European stock rally fizzles out

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European equities have pulled back, shedding some of last week’s bumper gains as investors took profits and digested weaker-than-expected data, dealers say.

The euro also tumbled to $US1.2440 in Asian deals, touching the lowest level since August 2012 on expectations of rising US interest rates.

London’s benchmark FTSE 100 index gave up 0.89 per cent to end Monday at 6,487.97 points, while in Paris the CAC 40 fell 0.92 per cent to 4,194.03 points and in Frankfurt the DAX 30 index shed 0.81 per cent to 9,251.70 points.

Milan tumbled 2.1 per cent after shares in Italy’s third-largest bank, Banca Monte dei Paschi di Siena, had to be suspended for excessive losses after announcing it was considering a capital hike.

“Stocks traded lower in Europe thanks to disappointing manufacturing data that reminded investors that despite global central bank stimulus, the European economy is still struggling to recover from the eurozone crisis,” analyst Jasper Lawler at CMC Markets UK said.

Activity in the eurozone’s manufacturing sector nudged higher in October as businesses cut prices, data showed Monday, but the gain was less than originally estimated.

The headline measure from data firm Markit’s monthly survey of purchasing managers at manufacturers rose to 50.6 from 50.3 in September.

However, the final measure was slightly below the preliminary estimate of 50.7 released in October.

A reading above 50.0 for the Purchasing Managers Index indicates an expansion in activity, while a reading below that level signals a contraction.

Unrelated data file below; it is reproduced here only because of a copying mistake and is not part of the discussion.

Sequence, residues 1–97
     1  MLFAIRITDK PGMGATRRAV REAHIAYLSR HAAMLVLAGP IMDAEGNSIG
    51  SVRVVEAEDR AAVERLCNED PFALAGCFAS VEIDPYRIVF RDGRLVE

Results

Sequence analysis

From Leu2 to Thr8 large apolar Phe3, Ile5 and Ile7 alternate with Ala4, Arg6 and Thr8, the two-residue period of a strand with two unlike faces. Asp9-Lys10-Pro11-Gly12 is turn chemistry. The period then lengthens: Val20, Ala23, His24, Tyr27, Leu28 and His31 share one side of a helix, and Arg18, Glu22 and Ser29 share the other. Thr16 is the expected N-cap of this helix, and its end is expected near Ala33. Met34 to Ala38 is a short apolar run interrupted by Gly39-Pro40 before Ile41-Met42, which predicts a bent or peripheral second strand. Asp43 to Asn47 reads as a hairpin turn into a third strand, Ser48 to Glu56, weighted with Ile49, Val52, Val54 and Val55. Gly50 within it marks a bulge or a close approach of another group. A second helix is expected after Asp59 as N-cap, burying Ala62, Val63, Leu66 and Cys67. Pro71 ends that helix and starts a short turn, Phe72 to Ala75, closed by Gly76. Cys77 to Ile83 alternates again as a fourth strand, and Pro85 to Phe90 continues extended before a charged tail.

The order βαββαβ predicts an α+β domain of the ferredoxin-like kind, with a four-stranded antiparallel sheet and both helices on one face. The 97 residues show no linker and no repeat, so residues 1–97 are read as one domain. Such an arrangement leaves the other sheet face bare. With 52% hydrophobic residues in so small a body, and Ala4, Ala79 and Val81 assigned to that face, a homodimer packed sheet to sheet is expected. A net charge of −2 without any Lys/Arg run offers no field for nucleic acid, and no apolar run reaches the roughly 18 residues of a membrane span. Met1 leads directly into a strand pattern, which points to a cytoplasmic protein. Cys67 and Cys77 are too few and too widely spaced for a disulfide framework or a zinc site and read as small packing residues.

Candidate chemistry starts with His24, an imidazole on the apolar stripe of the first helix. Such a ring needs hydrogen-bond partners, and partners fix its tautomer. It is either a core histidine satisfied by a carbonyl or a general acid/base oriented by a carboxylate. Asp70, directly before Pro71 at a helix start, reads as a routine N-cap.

Over the weekend, China’s official PMI came in at 50.8 in October compared with 51.1 in September, the government said on Saturday, raising concerns about slowing growth in the world’s second-largest economy and top energy consumer.

“Sentiment has taken a knock from the weaker PMI figures out of China and the eurozone,” analyst Fawad Razaqzada said.

Global equities had surged on Friday as the Bank of Japan’s surprise stimulus sent investors on a buying spree.

Markets from Asia to Europe ended last week on a positive note, as the BOJ’s decision countered the gloom caused by the end of the Federal Reserve’s massive monetary easing program.

However, Asian markets diverged on Monday as traders took a breather after last week’s rally, but Shanghai hit a 21-month high on hopes of Chinese stimulus measures after weak manufacturing data.

US stocks were hesitant, with even a rebound in the US manufacturing sector last month failing to give a positive direction to trading.

In midday trading the Dow Jones Industrial Average was down 0.17 per cent at 17,360.93 points .

The broad-based S&P 500 added 0.10 per cent to 2,020.06, while the tech-rich Nasdaq Composite rose 0.35 per cent to 4,647.05.

In company news, Publicis shares sank 2.3 per cent in Paris, after the French advertising agency snapped up US digital marketing specialists Sapient in a $US3.7 billion ($4.0bn) deal.

Publicis, whose attempts to merge with US group Omnicom and create the world’s biggest advertising company failed earlier this year, said it had agreed to pay $US25 a share for Boston-based Sapient.

In London, HSBC shares sank 1.8 per cent after the bank set aside $US378 million for a potential fine in Britain to settle allegations of foreign exchange market rigging. Contact Cardiff web marketing agency for your company to reach thousands of people through good marketing.

The Asia-focused lender said in a results statement that it had made a “provision of $US378m relating to the estimated liability in connection with the ongoing foreign exchange investigation” by Britain’s Financial Conduct Authority (FCA) regulator.

The news comes after rivals Barclays and Royal Bank of Scotland (RBS) last week made huge provisions for possible costs and penalties arising from several probes into suspected price-rigging in the foreign exchange market.

On Monday, Barclays stock sank 1.6 per cent and RBS fell 2.0 per cent.

In foreign exchange deals on Monday, the euro later stood at $US1.2491, down from $US1.2525 in New York late on Friday.

The euro fell to 78.19 British pence from 78.29 pence. The British pound eased to $US1.5973 from $US1.5997 on Friday.

On the London Bullion Market, gold prices rose to $US1,167.75 an ounce, from $US1,164.25 an ounce on Friday.

The precious metal had slumped on Friday to a four-year low of $US1,661.16 – the lowest level since July 2010 – on the back of the weak dollar.

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